Kuwait, Gulf cut rates; bourses, oil prices tumble

DUBAI: A picture taken on Sunday shows a general view of Dubai. – AFP

DUBAI: Gulf central banks cut interest rates yesterday, a day after the US Federal Reserve slashed its rates to near zero in an effort to ease the impact of the coronavirus outbreak. Kuwait’s Central Bank cut its deposit rate by 100 bps to 1.5 percent, its lowest level in history. It also cut its overnight, one-week and one-month repo rates by 100 bps to 1 percent, 1.25 percent, and 1.75 percent respectively. The bank lowered the rate as part of a series of precautionary measures “for the consequences of the outbreak of the coronavirus and its implications for the national economy and the local market”, it said on Twitter.

Stock markets in the energy-rich Gulf states tumbled yesterday as oil prices extended losses amid unprecedented measures against the coronavirus. Oil prices, the main source of Gulf revenues, skidded to their worst level since early 2016 amid a price war between Russia and Saudi Arabia, the second and third world producers. Boursa Kuwait continued to bleed with the Premier Index sliding 5.0 percent and the All-Shares Index dropping 3.9 percent.

Meanwhile Abu Dhabi, the capital of the UAE, launched a slate of economic measures aimed at shielding the private sector from a slowdown due to the spread of the virus, which has hit vital sectors of the UAE economy such as tourism and aviation. Most Gulf central banks tend to follow the US Fed because their currencies are pegged to the US dollar.

The UAE central bank trimmed its interest rate on one-week certificates of deposit by 75 basis points and other rates by 50 bps. The Saudi Arabian Monetary Authority cut repo and reverse repo rates by 75 bps. The Qatari regulator slashed its deposits, lending, and repo rates. Bahrain’s central bank cut overnight, weekly and monthly deposit rates, in addition to its lending rate. The cuts follow stimulus packages launched by the Saudi, Qatari and UAE central banks over the past few days worth a combined $60 billion to contain the impact of the virus.

But such moves have not stopped a plunge in regional equity and debt markets, which are also pricing in the effects of a market share war between Saudi Arabia and Russia on crude prices. The slide was led by the UAE bourses of Abu Dhabi and Dubai which dived by 7.8 percent and 6.2 percent, respectively, both trading at multi-year lows. The two bourses ignored further financial support announced yesterday by some countries on top of a $27.2 billion stimulus unveiled the previous day to support the economy against the fallouts of the coronavirus. The Saudi Tadawul market, the region’s biggest, was trading 3.3 percent lower despite a $13.3 billion stimulus announced the by the kingdom to support the economy.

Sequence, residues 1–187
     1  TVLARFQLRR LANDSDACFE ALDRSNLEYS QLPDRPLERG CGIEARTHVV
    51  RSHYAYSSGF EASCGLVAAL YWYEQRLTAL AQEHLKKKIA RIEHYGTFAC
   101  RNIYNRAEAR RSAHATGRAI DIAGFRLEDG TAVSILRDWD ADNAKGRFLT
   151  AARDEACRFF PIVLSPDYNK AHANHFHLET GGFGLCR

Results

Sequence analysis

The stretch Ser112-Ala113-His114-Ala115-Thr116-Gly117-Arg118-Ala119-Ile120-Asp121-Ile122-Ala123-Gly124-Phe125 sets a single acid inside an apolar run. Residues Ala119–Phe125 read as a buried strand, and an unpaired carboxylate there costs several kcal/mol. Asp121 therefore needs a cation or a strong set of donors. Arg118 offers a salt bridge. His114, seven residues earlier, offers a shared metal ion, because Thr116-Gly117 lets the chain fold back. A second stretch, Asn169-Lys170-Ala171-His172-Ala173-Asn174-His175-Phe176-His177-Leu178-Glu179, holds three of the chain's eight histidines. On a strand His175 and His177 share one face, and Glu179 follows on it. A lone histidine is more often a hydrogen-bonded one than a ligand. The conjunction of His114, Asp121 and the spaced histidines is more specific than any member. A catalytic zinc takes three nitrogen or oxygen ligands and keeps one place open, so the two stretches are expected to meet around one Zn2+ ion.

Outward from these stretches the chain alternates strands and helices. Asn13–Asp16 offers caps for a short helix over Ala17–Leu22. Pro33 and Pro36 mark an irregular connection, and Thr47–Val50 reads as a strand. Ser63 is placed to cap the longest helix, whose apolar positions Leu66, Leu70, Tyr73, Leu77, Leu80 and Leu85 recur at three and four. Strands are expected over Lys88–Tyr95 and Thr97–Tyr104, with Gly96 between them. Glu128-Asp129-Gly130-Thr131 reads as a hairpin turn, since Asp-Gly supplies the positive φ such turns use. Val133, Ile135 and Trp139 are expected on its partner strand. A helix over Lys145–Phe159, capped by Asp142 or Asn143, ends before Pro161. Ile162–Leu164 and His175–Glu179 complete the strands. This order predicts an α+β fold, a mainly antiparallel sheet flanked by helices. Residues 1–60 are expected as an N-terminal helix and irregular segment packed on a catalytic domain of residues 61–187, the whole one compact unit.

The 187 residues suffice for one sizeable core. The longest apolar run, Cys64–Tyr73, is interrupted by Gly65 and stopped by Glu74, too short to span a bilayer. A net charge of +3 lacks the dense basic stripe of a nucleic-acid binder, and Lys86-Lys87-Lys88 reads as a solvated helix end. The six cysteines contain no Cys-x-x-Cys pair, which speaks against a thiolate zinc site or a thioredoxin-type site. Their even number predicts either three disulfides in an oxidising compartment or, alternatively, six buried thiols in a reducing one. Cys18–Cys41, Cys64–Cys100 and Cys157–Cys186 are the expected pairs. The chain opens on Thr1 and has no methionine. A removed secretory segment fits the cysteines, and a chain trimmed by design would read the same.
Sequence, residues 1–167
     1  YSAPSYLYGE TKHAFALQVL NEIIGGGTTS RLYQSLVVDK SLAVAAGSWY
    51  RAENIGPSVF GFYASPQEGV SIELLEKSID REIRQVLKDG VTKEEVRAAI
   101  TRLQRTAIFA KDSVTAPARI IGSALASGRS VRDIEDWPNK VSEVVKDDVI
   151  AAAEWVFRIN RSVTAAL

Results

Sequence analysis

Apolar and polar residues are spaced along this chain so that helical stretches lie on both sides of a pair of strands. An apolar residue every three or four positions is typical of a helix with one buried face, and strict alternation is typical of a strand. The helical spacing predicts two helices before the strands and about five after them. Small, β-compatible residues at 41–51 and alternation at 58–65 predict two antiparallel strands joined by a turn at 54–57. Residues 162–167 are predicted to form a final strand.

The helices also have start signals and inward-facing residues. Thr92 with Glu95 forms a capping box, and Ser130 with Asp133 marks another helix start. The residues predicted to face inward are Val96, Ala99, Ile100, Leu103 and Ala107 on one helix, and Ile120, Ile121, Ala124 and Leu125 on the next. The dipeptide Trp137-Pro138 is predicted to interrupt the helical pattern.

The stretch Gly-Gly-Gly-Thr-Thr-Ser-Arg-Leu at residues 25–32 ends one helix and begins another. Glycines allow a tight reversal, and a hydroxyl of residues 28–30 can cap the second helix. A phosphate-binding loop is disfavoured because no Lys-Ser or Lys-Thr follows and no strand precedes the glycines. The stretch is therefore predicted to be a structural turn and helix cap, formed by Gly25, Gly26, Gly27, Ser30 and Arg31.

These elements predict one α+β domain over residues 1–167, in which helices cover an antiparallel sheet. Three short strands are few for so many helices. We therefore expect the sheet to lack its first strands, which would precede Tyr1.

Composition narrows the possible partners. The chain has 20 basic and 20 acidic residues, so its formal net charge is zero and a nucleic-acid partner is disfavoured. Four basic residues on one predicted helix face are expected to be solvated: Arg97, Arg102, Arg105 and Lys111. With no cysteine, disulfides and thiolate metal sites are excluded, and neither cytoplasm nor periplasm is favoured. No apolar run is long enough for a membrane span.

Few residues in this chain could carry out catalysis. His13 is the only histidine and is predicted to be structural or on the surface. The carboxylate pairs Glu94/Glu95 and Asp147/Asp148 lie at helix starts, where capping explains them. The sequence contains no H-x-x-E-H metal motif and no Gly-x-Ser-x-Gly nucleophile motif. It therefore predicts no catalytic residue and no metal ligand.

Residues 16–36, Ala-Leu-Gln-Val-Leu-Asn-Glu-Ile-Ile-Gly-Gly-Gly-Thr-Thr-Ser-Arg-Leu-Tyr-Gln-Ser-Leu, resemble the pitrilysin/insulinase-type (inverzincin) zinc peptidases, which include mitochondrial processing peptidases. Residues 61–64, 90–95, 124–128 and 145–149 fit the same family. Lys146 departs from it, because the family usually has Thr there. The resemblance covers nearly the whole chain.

Bahrain bourse dropped 1.4 percent and Muscat market ended 1.8 percent down. Qatar Stock Exchange bucked the trend for the second day after the gas-rich emirate announced a $23 billion stimulus in addition to $2.7 billion to support the stock market. Oil prices extended losses yesterday with US benchmark West Texas Intermediate (WTI) briefly dipping below $30 a barrel, or 5.5 percent, in morning Asian trade before regaining its footing. The Brent global benchmark was down 3.28 percent at $32.74 a barrel.

UAE stock markets have tanked over the past three weeks, with Dubai’s main index tumbling nearly 30 percent and Abu Dhabi sinking around 25 percent in the same period. Abu Dhabi allocated 1 billion dirhams ($272.26 million) to support the local stock market, it said yesterday. Some further 3 billion dirhams were allocated for a credit guarantee scheme for small and medium-sized enterprises (SMEs) and another 5 billion dirhams to subsidize utility bills.

Several fees were scrapped or reduced, including for real estate registrations, or for start-ups and the tourism and hospitality sectors, the government said on Twitter. Abu Dhabi Crown Prince Sheikh Mohammed bin Zayed Al-Nahyan (MbZ) said on Twitter UAE authorities would support the economy by easing investment laws and regulations. He said there would be no interruptions on approved capital expenditure and development projects in the emirate. – Agencies

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